The 40-GEP Prognostic Test

Validation studies. In the initial development and validation studies,7,16 the 40-GEP test demonstrated a statistically significant ability to stratify regional and distant metastatic risk in patients with cSCC and was used to define three risk groups: Class 1 (low risk), Class 2A (high risk), and Class 2B (highest risk). Kaplan-Meier survival curves show significantly different three-year metastasis-free survival (MFS) rates of 93.9 percent, 80.5 percent, and 47.8 percent among the Class 1, Class 2A, and Class 2B groups, respectively.16 Higher 40-GEP class was associated with a statistically significant increase in risk for metastasis and disease-specific death. When integrated into bivariate prediction models with AJCC and BWH staging systems, 40-GEP Class was confirmed to be an independent and significant predictor of metastatic risk. This combination improved the metastatic risk prediction of AJCC-8 and BWH staging systems (Figure 1).7  In multivariate modeling, the increased hazard for metastasis conferred by a GEP Class 2A or 2B (2.3, p=0.013; 6.9, p<0.001, respectively) was similar or higher than that conferred by other high-risk features, including poor differentiation and PNI.16 

These findings were recently confirmed in an independent external validation cohort of 534 patients.17  Combining the two cohorts to approximately 900 patients enabled a subgroup analysis of those with T1 stage tumors. The all-comer T1 population had a 6.5-percent three-year metastasis rate, but one in five patients tested had a 40-GEP Class 2A or 2B biologic risk. These 40-GEP Class 2A and 2B tumors had significantly increased metastatic rates of 11.3 percent and 33.3 percent, respectively.18 The T1/Class 2B population represents a group that may benefit from escalated treatment, even at a low prognostic stage.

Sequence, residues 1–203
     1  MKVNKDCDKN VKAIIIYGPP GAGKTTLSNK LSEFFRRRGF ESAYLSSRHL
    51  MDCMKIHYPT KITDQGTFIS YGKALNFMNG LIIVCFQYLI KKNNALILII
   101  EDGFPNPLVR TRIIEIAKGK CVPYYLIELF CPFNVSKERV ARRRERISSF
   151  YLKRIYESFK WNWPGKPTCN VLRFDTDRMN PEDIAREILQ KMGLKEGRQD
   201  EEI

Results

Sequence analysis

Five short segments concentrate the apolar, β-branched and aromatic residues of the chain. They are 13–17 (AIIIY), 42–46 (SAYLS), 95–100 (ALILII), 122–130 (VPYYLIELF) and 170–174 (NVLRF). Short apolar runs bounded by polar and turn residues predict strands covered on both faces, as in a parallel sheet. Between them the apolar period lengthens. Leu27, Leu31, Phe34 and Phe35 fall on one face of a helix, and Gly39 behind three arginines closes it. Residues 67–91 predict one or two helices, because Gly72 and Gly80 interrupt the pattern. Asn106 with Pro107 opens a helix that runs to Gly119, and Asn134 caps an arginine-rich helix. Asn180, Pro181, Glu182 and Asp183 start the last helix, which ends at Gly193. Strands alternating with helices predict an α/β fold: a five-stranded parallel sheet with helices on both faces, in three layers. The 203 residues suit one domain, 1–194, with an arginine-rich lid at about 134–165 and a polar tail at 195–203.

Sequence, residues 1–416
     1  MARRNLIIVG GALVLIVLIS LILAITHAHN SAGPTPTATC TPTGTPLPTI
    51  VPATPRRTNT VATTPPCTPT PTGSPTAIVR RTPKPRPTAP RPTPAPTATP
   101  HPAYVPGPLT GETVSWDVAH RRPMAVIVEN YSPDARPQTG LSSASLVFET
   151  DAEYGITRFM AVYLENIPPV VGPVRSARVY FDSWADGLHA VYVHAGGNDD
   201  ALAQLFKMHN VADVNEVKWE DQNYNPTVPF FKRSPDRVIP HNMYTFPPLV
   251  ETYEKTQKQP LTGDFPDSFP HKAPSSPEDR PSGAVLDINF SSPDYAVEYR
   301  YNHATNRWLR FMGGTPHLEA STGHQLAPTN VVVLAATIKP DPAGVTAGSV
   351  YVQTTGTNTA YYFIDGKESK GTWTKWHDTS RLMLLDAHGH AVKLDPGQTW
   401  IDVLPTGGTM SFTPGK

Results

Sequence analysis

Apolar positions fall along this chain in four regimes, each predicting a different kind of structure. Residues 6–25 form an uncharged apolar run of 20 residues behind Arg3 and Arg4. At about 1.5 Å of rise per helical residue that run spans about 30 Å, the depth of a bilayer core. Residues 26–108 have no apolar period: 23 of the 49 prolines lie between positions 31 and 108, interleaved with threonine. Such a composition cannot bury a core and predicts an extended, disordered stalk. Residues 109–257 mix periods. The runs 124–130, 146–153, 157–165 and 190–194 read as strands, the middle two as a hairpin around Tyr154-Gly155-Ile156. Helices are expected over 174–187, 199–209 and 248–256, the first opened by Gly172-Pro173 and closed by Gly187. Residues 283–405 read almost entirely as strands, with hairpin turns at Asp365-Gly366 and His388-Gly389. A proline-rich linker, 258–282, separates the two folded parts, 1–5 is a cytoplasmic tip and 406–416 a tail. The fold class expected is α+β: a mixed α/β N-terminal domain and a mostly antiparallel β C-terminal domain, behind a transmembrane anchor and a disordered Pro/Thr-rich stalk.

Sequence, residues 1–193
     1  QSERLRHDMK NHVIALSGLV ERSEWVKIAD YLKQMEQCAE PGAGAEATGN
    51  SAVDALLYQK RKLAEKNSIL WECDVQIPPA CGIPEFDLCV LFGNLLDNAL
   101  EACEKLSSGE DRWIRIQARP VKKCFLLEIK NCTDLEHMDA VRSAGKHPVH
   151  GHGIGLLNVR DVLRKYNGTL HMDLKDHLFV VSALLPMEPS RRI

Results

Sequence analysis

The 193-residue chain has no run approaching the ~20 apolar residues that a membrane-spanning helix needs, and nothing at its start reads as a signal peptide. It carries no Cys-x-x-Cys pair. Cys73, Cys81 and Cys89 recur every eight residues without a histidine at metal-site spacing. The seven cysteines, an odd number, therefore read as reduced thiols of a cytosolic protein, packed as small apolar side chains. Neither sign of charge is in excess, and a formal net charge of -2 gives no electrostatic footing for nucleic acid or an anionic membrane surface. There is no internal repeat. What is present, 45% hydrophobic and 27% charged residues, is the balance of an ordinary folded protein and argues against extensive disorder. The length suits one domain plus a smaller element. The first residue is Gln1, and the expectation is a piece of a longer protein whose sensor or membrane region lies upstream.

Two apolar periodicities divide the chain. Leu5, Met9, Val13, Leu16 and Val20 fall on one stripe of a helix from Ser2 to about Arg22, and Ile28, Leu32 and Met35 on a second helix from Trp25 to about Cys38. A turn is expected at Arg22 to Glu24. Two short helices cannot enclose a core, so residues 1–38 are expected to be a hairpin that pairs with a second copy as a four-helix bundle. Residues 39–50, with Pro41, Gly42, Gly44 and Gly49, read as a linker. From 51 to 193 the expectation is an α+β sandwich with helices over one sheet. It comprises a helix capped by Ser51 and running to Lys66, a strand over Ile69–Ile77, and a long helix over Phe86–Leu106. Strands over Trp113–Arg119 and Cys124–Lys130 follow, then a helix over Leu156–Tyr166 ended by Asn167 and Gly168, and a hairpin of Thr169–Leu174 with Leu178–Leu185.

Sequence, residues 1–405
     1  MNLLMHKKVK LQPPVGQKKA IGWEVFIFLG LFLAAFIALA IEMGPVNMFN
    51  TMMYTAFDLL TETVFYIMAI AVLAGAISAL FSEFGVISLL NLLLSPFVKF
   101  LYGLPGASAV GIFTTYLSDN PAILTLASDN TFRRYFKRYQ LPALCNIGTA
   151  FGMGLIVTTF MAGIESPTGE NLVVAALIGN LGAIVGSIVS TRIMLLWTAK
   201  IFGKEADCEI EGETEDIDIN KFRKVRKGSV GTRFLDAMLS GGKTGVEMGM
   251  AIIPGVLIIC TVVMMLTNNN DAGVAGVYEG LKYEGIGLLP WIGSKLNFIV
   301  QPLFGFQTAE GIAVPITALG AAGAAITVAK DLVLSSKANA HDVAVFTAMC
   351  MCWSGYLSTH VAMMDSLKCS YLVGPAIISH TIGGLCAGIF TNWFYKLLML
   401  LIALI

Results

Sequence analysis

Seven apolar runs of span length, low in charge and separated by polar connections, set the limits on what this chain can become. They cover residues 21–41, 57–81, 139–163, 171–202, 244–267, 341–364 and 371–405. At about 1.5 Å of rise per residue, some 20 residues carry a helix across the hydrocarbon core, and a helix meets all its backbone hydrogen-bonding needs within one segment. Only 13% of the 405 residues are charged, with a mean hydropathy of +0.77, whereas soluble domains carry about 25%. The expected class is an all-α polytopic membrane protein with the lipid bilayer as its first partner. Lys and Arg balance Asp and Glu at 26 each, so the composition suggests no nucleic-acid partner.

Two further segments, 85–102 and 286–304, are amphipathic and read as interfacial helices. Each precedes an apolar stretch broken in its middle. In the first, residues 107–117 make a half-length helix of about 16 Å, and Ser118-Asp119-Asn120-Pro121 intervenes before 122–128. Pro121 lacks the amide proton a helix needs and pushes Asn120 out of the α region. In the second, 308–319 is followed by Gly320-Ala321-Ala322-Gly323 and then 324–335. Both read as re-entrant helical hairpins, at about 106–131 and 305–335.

The combined cohort population also enabled an evaluation of which patients with high-risk cSCC would benefit most from postoperative ART. Patients were given a propensity score matched on clinical risk factors, and bootstrap resampled cohorts were analyzed using survival methods stratified by 40-GEP test results and ART status.19 This study demonstrated a median 50-percent improvement in MFS rates for 40-GEP Class 2B patients who received ART compared to those who did not.19 

Real-world studies. Summary metrics from the first year of clinical orders of the 40-GEP test (n=7,317) demonstrated that clinicians ordered the test for the intended use population (i.e., those with at least one of the risk factors listed in Table 1).20 Nearly all patients (99.9%) had one or more risk factors that would be classified by NCCN as high risk or very high risk, 75 percent of the patients had two or more risk factors, and the median number of risk factors per patient was three. Results from this initial 40-GEP real-world study also determined 71.1 percent of patients received a Class 1 result, 25.9 percent received a Class 2A result, and 2.9 percent received a Class 2B result.20 

Consensus Risk-based Clinical Workflow for Art in cSCC